'Nobody ever says anything about the sky that night', Jade continued. 'People only ever talk about the iceberg and the freezing water'.

'So you were really enjoying being out at sea in the middle of a dark night?' Jade asked.

'It was such an adventure, Jade,' I answered.

'Remember our generation didn't have all the fun and frolic that your generation has,' I added.

'So for you and your dad this was a great adventure', Jade said.

'So what happened next?' Jade asked, pulling her stool closer to my rocking chair on the porch, on that summer night.

By now the sun had set in a purplish, orange glow, following the heat of the late August day.

'Gran, am goin upstairs to my room, see if I can find any photos from my school bag of the Titanic that teacher gave us', Jade said.

Memory is such a precious human gift, I thought, as I glanced again at the old coin.

Jade came rushing back to the porch, satchel in hand.

'Can't find any really good pictures, Gran'. Jade began.' These are very faded and you can only see the top of the ship.

What happened Gran', Jade continued 'after you went to bed, having looked at the stars with your dad? That's amazing, that's my great grandad you're talking about. Makes it so much more real, when you say that,' Jade said.

'Me and dad had a lovely bunk on the ship, thanks  to  dad's friend. We came back to our bunk.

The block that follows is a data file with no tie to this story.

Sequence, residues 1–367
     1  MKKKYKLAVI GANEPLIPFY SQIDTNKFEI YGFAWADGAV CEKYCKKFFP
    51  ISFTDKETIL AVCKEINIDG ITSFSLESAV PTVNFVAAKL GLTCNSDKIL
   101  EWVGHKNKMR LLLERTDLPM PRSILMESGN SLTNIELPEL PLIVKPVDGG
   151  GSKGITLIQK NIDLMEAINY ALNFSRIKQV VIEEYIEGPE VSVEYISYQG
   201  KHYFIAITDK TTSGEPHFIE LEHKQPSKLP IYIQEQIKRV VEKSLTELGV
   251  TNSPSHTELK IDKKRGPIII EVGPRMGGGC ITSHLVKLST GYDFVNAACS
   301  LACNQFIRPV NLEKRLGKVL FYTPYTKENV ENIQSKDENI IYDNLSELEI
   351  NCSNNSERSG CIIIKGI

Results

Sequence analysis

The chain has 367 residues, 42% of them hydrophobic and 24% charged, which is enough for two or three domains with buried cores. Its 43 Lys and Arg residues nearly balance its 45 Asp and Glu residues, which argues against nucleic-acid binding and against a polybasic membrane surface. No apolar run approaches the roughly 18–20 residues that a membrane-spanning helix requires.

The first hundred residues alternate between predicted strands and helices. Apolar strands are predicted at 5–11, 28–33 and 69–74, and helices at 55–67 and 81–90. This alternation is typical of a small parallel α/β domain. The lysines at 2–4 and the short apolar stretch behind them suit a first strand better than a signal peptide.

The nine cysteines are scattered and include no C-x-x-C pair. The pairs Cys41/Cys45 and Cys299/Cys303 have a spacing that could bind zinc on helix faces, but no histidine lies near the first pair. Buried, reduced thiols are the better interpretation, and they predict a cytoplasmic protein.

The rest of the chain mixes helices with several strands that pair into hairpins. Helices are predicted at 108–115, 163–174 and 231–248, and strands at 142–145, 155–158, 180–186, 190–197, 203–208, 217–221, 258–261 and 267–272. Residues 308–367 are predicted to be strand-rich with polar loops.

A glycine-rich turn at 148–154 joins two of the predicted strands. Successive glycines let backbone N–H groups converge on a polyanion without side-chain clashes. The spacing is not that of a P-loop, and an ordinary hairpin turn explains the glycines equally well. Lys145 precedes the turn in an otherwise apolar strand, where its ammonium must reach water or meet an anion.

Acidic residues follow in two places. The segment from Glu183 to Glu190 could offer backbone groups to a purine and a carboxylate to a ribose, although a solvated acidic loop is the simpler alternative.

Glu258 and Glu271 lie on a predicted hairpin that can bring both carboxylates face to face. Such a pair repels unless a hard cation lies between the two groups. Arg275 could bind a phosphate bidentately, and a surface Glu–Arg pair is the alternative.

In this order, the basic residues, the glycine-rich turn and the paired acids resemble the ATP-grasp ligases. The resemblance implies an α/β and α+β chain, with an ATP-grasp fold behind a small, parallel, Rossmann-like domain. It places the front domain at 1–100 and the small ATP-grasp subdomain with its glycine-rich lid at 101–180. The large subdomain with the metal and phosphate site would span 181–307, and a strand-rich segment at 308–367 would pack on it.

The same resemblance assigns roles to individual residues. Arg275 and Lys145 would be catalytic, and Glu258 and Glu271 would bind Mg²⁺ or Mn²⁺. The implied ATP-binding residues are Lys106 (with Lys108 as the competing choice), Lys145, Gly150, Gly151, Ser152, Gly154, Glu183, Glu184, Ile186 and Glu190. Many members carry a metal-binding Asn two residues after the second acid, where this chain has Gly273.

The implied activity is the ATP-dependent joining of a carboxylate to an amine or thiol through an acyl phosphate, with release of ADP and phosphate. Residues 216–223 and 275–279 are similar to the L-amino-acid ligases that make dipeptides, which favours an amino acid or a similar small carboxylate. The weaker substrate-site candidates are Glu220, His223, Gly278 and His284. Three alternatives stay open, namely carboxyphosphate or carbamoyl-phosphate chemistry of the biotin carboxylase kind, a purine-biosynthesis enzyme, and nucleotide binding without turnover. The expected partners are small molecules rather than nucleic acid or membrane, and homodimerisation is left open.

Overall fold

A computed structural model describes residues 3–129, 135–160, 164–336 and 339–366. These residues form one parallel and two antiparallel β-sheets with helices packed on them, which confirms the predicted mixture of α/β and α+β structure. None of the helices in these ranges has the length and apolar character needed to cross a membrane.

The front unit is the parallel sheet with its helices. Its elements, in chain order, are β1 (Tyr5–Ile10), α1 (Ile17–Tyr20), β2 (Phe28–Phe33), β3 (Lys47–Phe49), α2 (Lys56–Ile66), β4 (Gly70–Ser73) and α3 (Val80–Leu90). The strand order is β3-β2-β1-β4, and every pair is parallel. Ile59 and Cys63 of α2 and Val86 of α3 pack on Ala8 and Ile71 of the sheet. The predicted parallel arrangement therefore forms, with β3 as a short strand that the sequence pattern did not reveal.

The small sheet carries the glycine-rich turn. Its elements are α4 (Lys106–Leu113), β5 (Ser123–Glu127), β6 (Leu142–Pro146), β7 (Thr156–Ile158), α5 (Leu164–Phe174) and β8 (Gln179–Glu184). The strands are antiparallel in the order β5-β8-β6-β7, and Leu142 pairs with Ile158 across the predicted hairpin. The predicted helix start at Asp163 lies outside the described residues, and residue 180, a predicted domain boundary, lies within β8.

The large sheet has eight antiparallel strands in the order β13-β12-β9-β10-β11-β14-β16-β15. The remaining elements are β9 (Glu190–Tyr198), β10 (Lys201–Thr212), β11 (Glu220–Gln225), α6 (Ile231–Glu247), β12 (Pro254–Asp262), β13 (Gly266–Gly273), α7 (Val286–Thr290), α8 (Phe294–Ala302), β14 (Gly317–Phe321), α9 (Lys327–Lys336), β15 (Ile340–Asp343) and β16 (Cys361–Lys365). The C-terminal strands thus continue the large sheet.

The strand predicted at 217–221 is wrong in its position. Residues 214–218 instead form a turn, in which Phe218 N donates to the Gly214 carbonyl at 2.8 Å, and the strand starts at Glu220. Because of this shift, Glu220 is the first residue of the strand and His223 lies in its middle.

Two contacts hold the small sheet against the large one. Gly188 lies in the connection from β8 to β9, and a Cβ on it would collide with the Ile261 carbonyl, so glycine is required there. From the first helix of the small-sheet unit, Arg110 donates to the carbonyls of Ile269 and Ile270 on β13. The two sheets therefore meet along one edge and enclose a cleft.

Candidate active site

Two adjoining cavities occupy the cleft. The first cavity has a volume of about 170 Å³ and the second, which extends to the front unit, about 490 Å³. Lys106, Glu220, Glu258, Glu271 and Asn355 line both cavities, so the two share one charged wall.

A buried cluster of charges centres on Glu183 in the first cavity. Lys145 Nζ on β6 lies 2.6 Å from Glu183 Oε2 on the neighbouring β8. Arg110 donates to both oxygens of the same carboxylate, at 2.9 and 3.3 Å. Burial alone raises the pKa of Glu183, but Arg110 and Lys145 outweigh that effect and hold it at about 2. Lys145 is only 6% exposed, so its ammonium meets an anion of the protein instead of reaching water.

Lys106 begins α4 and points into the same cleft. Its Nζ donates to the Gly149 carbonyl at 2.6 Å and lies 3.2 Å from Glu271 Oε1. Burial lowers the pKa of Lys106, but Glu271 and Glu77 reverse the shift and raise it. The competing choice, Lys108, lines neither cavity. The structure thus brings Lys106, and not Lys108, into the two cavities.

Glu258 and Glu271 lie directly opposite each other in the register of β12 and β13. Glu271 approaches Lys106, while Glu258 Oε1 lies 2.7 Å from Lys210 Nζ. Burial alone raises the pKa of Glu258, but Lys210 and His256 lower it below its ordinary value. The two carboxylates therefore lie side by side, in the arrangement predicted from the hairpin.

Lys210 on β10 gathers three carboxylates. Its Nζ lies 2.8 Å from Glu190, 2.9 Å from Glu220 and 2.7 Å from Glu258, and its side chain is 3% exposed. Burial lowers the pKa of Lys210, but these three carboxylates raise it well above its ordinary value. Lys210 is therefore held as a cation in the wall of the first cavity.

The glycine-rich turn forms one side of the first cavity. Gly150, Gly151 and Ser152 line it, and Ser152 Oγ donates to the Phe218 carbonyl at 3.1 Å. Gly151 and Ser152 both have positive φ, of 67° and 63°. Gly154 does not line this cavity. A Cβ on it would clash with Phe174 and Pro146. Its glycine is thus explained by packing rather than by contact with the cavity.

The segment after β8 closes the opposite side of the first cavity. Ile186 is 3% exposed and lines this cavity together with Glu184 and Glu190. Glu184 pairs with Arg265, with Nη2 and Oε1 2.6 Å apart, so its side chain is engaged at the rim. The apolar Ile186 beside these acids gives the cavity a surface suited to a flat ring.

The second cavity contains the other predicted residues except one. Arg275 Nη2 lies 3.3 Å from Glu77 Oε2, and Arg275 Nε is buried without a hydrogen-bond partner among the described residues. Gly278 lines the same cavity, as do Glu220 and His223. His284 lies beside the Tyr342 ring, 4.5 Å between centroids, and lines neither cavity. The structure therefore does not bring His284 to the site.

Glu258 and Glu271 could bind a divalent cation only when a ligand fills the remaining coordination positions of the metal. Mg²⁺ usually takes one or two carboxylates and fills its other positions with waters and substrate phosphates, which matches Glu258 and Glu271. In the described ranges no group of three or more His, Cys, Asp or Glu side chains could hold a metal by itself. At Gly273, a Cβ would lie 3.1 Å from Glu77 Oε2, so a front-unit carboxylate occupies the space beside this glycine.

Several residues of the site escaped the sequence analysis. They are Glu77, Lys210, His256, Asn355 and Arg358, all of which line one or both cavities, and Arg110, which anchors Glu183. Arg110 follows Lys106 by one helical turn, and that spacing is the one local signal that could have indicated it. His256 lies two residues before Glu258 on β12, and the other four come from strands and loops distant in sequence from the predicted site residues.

Dad closed the blinds. Then we both knelt down beside the little table lamp and said our night prayers. Dad always made sure to say night prayer. His father was a clergyman in Kent.
Then dad read me a bedtime story. Wish I could remember what it was. I remember the two of us were laughing.

Dad dimmed the night light. Then he took out his writing paper and told me he wanted to write a letter to Mum, to tell her all his news.  Dunno if mum ever received that letter'.

'So what happened next?' Jade asked.' Don't think you ever told me this part, Gran,' Jade added.

'Told it many times, Jade,' I said.

'Gran please, tell it again,' Jade begged.

'It's hard to tell, Jade,' I said.

'Why, Gran?' Jade asked, 'this is the best bit of the story, isn't it Gran?' Jade said.

'Not really Jade', I said.

'Go on Gran, tell me again, how did you survive the Titanic disaster?' Jade asked.

'It's like reopening an old wound, Jade', I continued.